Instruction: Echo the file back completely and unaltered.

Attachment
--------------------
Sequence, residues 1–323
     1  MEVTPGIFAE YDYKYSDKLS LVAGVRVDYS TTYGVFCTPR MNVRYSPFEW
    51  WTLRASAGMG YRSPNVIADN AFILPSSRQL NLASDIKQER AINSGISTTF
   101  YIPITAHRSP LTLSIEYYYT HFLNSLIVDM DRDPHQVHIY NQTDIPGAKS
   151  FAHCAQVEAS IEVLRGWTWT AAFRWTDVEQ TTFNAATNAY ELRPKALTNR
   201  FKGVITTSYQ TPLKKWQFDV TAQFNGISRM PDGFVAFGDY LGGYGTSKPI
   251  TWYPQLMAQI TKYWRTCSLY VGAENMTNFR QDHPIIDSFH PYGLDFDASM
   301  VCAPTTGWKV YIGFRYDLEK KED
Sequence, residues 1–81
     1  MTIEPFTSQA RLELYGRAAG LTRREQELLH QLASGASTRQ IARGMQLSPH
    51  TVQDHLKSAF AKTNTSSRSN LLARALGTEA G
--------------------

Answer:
Sequence, residues 1–323
     1  MEVTPGIFAE YDYKYSDKLS LVAGVRVDYS TTYGVFCTPR MNVRYSPFEW
    51  WTLRASAGMG YRSPNVIADN AFILPSSRQL NLASDIKQER AINSGISTTF
   101  YIPITAHRSP LTLSIEYYYT HFLNSLIVDM DRDPHQVHIY NQTDIPGAKS
   151  FAHCAQVEAS IEVLRGWTWT AAFRWTDVEQ TTFNAATNAY ELRPKALTNR
   201  FKGVITTSYQ TPLKKWQFDV TAQFNGISRM PDGFVAFGDY LGGYGTSKPI
   251  TWYPQLMAQI TKYWRTCSLY VGAENMTNFR QDHPIIDSFH PYGLDFDASM
   301  VCAPTTGWKV YIGFRYDLEK KED
Sequence, residues 1–81
     1  MTIEPFTSQA RLELYGRAAG LTRREQELLH QLASGASTRQ IARGMQLSPH
    51  TVQDHLKSAF AKTNTSSRSN LLARALGTEA G